Monday, December 16, 2013

Editor's Notes #1: WHY, Writers, WHY?

I need to rant a little. Or perhaps a lot. This may sound harsh, but this is what's going through my brain right now.

Not for the first time, I found myself reading a book description that was so poorly written, I wanted to grab the author, shake her, and scream, "THIS is where you're supposed to sell me on the idea that your book is worth reading, and you can't even write a description of it without errors?"

One hundred fifty words. That's all you need for a book description. One. Hundred. Fifty. Words.

If a writer is incapable of writing less than two hundred words in a readable manner, then there is nothing—NOTHING—that will convince me to read 70,000 more words penned by that same writer. In the case of this particular book description, only 20,000 more, but even ten more words would have put me over the edge.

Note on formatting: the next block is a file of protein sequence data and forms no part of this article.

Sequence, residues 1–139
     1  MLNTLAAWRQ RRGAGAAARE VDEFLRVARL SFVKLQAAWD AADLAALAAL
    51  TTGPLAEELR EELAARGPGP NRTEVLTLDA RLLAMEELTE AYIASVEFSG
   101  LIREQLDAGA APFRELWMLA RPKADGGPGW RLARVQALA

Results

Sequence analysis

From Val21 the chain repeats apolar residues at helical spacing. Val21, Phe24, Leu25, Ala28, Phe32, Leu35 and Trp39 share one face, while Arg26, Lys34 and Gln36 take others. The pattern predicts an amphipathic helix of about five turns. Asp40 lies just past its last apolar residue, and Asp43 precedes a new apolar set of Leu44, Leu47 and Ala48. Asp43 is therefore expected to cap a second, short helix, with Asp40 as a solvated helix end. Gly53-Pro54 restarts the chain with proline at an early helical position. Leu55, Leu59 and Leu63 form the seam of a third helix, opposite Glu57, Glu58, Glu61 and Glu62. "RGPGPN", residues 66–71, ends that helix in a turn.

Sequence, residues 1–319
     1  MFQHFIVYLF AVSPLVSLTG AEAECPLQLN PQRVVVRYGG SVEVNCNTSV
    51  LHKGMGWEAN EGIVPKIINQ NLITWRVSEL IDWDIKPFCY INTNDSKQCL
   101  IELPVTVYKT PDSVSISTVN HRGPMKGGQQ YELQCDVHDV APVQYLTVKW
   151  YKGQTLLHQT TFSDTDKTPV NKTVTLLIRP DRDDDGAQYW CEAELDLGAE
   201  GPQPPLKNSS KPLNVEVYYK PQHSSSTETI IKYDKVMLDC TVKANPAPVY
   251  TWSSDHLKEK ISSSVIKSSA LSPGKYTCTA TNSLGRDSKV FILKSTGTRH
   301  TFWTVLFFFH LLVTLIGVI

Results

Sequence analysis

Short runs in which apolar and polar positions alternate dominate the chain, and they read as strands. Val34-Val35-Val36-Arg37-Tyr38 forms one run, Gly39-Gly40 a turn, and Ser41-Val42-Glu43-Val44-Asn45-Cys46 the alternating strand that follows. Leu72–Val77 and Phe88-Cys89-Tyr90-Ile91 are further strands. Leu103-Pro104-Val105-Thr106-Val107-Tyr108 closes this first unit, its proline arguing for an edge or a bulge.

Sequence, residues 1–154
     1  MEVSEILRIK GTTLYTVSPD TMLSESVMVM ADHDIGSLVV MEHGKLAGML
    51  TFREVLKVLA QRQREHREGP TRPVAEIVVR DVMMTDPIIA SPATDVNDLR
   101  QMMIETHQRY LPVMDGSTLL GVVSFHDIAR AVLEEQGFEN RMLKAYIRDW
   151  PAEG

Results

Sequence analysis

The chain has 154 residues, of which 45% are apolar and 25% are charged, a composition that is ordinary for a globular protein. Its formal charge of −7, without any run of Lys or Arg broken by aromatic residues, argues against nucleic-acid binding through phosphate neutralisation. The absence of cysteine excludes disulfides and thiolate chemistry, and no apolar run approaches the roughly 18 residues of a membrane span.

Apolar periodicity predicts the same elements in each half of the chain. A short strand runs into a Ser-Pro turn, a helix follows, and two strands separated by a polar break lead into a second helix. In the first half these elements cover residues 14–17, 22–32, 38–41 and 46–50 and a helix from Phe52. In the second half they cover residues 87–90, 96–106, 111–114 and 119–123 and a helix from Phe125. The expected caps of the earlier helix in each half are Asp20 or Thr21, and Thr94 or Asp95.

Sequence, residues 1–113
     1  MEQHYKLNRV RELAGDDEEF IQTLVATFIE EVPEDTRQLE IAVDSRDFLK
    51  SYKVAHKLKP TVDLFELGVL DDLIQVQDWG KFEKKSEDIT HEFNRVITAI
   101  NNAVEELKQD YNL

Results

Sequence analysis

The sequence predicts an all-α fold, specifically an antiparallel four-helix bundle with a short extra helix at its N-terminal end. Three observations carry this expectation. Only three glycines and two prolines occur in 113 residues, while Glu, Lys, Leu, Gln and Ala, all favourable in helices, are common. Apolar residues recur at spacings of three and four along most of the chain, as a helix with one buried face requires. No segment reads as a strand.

Okay . . . perhaps my overwhelming sense of curiosity would convince me. For research purposes, you see. After all, what if the author didn't have time to write the (all-important) book description and asked her sibling/cousin/neighbor/babysitter to do it? Maybe someone on Fiverr did it for $5.00 to help pay the rent. I don't know.

Flash forward in time . . .

I have now downloaded the book, free of charge. I have read all of four pages of it and have decided that I can't go on. To clarify: I can go on living; I just can't go on reading. Honestly, two pages were enough, but I wanted to give it a fair shot by reading at least ten percent of the book. I couldn't make it that far, and didn't see any reason why I should force myself to do so.

[Note: I had to pause here for chocolate. That book bothered me in a big way.]

As I lurk and often participate on various Goodreads threads, I'm pleasantly encouraged by the number of authors who actively seek out advice from others (and follow it!) so they can improve their writing. Whether it's a work in progress or a book that's getting not-so-great ratings for whatever reason, they genuinely want to know how to make it better . . . and how to keep the same thing from happening next time.